# Properties of Markov chains

We covered Markov chains in class and after going through the details, I still have a few questions. (I encourage you to give short answers to the question, as this may become very cumbersome otherwise)

1.) There are many theorems like: If $(X_n)$ is an irreducible( with a state space $S$), positive recurrent markov chain, then...(for example there is a unique stationary distribution $\pi>0$). Now, assuming that $(X_n)$ is not irreducible, but contains a positive recurrent class $A \subset S$. Does this mean that we can say that there is a unique stationary distribution $\pi|_A>0$ and $\pi=0$ elsewhere? So my question is: If we want to talk about one positive recurrent class instead of one irreducible chain, does this method of transferring the results ( by restricting the result to the subset $A$) always work? When I thought about it, I considered this to be a trivial conclusion, but most books don't even talk about this simple generalisation, so I wanted to ask this here.

2.) When you want to identify communication classes of a Markov chain on a finite set you can do this by drawing a picture and look whether there is a pathway between two states. But is there also a way of calculating the classes directly from the transition matrix? If my guess in question (1) holds, then there should be a one-one correspondence between eigenvectors $\pi^T = \pi^T P$ with $\pi_A >0$ (and $\pi_{A^C}=0$) and positive recurrent classes $A$. In that case the only question would be how to find the remaining classes. But probably, the remaining transient states are just the states that always have a zero component in every stationary distirbution we get from the eigenvalue problem $P^T \pi = \pi$.

3.) The same as question 2) for the period. Is there a faster method of calculating the period of a state than calculating the powers of the transition matrix? Or at least a fast way to determine whether a state is periodic or aperiodic?

4.) I am struggeling with closed states. My intuition tells me that: Every finite closed class is recurrent and every recurrent class is closed. So for finite chains the terms closed and (positive) recurrent should be $1:1$. Is this true? It obviously diverges over infinite sets as the randomn walk in $\mathbb{Z}^3$ is transient, but the whole state space is closed.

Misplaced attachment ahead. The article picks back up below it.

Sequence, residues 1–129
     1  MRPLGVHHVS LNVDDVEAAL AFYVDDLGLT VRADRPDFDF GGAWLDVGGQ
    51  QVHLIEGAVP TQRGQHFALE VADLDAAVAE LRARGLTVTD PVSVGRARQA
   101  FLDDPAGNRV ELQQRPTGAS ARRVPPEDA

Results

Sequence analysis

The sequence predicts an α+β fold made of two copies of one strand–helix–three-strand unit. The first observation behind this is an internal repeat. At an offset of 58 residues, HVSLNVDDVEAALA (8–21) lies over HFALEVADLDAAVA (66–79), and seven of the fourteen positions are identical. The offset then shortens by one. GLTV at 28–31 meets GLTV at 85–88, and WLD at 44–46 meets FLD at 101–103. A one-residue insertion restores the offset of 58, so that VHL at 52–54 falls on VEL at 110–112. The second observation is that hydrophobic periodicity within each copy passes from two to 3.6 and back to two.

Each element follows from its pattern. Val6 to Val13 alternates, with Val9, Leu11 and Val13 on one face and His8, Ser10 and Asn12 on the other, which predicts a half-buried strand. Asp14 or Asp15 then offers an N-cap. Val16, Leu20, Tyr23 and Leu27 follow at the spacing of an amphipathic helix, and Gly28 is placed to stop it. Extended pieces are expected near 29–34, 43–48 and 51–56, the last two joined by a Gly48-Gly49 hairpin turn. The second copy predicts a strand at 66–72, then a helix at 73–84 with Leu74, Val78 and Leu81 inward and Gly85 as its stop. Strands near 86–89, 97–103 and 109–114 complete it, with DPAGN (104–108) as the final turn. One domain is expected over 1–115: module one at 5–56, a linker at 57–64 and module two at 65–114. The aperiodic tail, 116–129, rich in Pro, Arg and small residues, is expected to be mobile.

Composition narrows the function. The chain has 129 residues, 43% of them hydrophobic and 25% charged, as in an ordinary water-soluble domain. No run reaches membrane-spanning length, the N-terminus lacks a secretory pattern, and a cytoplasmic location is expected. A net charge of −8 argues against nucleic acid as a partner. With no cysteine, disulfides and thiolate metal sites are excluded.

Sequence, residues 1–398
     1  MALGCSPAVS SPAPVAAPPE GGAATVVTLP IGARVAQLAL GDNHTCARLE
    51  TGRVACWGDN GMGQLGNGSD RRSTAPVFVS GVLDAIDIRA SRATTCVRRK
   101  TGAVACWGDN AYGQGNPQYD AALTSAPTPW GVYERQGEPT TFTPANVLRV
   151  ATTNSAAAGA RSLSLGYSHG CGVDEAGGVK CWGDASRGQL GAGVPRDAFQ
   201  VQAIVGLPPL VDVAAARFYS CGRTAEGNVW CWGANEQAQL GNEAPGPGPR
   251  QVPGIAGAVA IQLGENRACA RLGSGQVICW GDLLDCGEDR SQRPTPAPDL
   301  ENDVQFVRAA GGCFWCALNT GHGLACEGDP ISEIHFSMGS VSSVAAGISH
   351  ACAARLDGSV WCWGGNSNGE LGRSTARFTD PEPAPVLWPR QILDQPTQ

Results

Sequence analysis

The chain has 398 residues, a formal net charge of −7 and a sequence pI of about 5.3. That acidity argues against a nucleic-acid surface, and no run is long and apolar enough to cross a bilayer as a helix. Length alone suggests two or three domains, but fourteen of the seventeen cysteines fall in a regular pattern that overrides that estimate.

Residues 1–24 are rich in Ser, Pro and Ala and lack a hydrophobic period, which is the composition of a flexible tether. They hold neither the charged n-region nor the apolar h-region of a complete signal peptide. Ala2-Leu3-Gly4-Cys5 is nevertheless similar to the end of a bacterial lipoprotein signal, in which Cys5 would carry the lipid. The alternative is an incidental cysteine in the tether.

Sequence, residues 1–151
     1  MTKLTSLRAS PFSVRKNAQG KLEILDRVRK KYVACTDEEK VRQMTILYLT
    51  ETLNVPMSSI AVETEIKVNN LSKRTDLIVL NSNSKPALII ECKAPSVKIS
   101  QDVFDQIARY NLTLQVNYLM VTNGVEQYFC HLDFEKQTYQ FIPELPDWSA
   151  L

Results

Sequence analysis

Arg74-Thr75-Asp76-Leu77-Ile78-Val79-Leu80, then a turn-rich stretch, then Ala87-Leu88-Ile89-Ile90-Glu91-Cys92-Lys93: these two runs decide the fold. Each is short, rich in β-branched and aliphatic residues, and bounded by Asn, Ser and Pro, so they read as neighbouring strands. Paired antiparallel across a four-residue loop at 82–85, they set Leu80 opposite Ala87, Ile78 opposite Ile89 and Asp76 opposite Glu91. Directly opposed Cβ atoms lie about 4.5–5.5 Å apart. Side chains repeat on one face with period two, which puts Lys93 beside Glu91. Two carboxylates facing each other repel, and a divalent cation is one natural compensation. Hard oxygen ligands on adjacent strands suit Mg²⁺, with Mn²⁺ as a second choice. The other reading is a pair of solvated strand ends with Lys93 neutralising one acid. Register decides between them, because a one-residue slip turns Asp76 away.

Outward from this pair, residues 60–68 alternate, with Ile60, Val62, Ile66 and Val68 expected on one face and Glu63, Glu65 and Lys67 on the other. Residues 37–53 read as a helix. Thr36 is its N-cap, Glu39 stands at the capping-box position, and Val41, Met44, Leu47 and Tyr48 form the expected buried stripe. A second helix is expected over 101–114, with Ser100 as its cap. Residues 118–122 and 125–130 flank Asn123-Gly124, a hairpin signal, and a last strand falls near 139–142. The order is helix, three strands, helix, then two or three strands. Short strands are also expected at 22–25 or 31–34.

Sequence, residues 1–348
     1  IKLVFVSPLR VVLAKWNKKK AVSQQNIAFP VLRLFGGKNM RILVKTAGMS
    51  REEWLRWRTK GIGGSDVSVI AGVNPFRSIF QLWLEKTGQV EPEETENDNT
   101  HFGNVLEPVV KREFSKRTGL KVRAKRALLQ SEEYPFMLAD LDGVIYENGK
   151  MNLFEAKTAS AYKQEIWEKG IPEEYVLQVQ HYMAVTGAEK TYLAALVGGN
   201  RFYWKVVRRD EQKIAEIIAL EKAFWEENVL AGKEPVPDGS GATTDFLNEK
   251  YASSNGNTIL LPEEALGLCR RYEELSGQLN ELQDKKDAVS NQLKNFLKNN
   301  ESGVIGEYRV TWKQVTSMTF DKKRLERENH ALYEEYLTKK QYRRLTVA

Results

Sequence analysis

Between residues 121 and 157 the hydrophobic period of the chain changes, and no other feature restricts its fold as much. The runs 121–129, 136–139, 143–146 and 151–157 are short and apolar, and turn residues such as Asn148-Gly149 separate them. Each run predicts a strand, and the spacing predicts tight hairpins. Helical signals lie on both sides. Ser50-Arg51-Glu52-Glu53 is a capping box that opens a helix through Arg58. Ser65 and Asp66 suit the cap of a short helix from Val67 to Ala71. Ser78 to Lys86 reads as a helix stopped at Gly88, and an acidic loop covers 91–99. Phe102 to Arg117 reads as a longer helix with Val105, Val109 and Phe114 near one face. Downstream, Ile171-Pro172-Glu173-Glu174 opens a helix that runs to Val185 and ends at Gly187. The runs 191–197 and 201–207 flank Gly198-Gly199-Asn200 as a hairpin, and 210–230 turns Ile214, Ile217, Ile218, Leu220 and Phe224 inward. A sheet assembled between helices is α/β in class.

5.) In case that we regard the continuous case of a homogenous markov chain and $P(X_{n+1} \in A |X_n =x) = \int_A q(x,y) dy$. How do we get $P(X_{n+k} \in A |X_n = x)$?

6.) For a transient states $i,j$ in one class we have: $\sum_{n = 0}^{\infty} p^{(n)}_{ij} < \infty$. For a (positive) recurrent states $i,j$ in one class we have: $\sum_{n = 0}^{\infty} p^{(n)}_{ij} = \infty$. This is in my opinion a consequence of the fact that transience/recurrence is a class property, but I just wanted to be sure about this.

Unfortunately, this questions seems to be very unpopular. Any suggestion how I could improve my question is highly appreciated.

• I think one reason people might shy away from answering this is that, though none of your concerns seem that difficult, typing up an answer to all this stuff in one shot would involve a lot of $\LaTeX$. Good question(s) though, +1! – Robert Lewis Jul 1 '14 at 21:43
• @RobertLewis thank you for this hint. In that case: in 6 a short yes or no with a correction should do it. The same for 1 and 4. in 5, one equation should do it. So, the only thing where a few lines would be probably needed are 2 and 3. Hope, this makes my questions a little bit more comfortable. – user159356 Jul 1 '14 at 22:09
• In general, it is better to ask one question per post. – Nate Eldredge Jul 2 '14 at 0:30